Despite making a decision to install Astroturf in the Astrodome, Roy Hofheinz was not quick to make a public announcement on its use. New pallets of grass were being installed to the Astrodome’s outfield in March, 1966. Hofheinz stated, “We have had the soil changed on the playing field and feel confident that this will help keep the grass in a healthy condition for an indefinite period. There are still other playing surfaces that have been studied and we are exploring every possibility to come up with a playing surface that will best suit the multi-purpose needs of the Astrodome.” The Astros soon announced they would begin using baseball’s first portable pitching mound, which would make it possible to convert the Astrodome field for other sports and events without damaging the mound. The mound would be on a steel base of which clamps would connect and allow the mound to be hauled away safely for storage.
Astroturf made its public debut during an exhibition game between the Astros and Los Angeles Dodgers on March 19, 1966. Two hundred news media along with National League President Warren Giles watched nineteen year-old Larry Dierker square off against Johnny Podres. Roy Hofheinz greeted media by presenting small swaths of Astroturf, the same field in which was used for the test two months prior. Remaining portions of Astroturf were sold at the Galaxy Gift Shops in the Astrodome for $1 apiece. The backside of each piece was stamped “ASTROTURF FROM THE ASTRODOME – HOUSTON, TEXAS” The Dodgers were back in Houston on April 18th as the two teams played the first-ever regular season game on an Astroturf field. On July 6th the Astros grounds crew began removal of all remaining grass in the outfield in preparation of more than 90,000 additional square feet of Astroturf. The last piece of sod was sent in a package to Chicago Cubs Manager Leo Durocher, who had been very opinionated against Astroturf. Durocher later returned the package with a pound of fertilizer included to Astros Publicity Director Bill Giles. In 1966 Leo Durocher ripped the dugout phone off the wall at two separate games in frustration to Astro rallies. Each time the Astros sent a repair bill.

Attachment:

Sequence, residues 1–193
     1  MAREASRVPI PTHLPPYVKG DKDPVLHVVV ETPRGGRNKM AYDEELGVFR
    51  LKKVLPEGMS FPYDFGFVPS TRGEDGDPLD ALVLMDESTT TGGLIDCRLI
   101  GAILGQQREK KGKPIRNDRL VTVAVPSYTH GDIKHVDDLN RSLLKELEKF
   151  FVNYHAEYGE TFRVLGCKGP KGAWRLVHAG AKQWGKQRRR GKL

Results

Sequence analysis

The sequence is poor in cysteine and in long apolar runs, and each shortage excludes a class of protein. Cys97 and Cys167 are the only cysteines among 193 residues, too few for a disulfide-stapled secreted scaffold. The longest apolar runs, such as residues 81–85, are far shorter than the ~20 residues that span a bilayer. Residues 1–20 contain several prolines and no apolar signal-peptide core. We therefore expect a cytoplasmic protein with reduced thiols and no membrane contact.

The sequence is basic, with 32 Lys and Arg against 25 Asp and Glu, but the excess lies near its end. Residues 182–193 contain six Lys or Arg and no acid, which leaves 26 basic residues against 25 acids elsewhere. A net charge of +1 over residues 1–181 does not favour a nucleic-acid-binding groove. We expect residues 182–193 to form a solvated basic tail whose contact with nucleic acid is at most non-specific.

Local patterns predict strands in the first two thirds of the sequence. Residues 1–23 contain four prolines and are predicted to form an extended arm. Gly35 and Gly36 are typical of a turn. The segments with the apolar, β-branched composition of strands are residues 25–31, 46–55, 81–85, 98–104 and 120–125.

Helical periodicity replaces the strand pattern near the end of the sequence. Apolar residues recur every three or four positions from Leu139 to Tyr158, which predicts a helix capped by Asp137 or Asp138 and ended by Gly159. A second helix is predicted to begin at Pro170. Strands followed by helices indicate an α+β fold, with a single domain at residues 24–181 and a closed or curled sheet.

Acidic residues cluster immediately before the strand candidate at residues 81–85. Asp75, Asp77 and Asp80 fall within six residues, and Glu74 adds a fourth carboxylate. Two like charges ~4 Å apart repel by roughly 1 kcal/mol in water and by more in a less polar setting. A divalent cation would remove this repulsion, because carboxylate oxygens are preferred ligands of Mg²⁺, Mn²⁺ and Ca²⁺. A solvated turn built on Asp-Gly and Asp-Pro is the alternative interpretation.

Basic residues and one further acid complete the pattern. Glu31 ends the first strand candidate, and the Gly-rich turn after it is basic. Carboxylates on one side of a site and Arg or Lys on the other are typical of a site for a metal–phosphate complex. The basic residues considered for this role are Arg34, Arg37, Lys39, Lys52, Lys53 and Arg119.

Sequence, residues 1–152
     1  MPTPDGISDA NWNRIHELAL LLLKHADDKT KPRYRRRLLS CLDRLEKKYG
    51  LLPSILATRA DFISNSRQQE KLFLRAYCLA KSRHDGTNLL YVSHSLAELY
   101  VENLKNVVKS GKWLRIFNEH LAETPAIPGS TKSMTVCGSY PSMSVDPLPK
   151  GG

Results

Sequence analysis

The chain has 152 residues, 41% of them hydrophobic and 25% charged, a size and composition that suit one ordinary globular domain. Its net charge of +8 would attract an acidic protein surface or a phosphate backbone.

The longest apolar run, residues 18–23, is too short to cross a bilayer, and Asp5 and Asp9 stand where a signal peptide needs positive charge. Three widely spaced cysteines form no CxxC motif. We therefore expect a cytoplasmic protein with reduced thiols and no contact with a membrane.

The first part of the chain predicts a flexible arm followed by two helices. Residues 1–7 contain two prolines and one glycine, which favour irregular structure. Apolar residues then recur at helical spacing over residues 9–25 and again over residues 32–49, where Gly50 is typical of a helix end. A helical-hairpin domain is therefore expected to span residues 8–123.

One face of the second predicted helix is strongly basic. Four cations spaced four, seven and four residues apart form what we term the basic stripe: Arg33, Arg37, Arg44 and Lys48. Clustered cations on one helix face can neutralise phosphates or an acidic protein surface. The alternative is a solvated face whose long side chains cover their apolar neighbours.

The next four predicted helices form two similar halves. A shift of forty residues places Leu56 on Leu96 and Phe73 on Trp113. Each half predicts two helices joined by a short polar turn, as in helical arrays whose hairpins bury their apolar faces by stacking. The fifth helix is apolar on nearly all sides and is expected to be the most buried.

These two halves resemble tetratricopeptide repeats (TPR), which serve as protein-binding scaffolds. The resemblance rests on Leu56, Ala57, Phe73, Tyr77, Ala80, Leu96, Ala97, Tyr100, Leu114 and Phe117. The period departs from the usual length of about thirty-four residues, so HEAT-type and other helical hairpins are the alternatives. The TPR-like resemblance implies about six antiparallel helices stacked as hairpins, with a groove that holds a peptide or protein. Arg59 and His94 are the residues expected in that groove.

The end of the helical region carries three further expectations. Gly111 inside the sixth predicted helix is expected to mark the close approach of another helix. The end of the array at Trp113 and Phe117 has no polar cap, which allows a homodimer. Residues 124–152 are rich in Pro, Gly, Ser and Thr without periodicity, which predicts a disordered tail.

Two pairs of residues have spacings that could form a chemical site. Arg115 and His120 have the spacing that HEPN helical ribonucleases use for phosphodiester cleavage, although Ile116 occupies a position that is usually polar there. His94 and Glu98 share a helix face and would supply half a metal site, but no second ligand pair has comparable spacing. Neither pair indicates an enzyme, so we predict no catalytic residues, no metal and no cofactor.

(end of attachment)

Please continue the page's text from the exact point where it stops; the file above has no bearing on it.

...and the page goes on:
The first game played on a complete Astroturf field was on July 19, 1966 as the Astros won 8-2 over the Philadelphia Phillies. Turk Farrell tossed a complete game and contributed with a three-run homer in the game. Phillies Manager Gene Mauch added, “I don’t think the AstroTurf is going to play a big part in the outcome of many games. The primary question to some of us was if it was going to be safe. And from what I could see, it looks safe enough.”
Astroturf spread throughout Major League Baseball and other sports across the United States and around the world. The Astrodome saw replacement of the revolutionary surface in 1978 in which pieces of the original 1966 field were given away to fans. A new “Astroturf-8” surface was later installed in 1988 that gave the Astros a separate playing surface from the turf used for football. It marked the first time a stadium utilized two separate Astroturf fields for baseball and football.
The move to Minute Maid Park in 2000 marked the first time the Astros played a home game on grass since the debut of Astroturf in 1966. Houston played its final game on a traditional Astroturf surface in 2004 against the Montreal Expos at Olympic Stadium. The late 1990s and 2000s saw many Major League cities return to natural grass with the building of several new baseball-only ballparks. Astroturf as was once used in the Astrodome and other major stadiums has now become mostly obsolete. But the use of artificial turf continues on all levels of sports. It has evolved into a surface that doesn’t cause as many injuries. The name Astroturf has even given way to newer ones. Good or bad, there is no doubt that Astroturf revolutionized sports.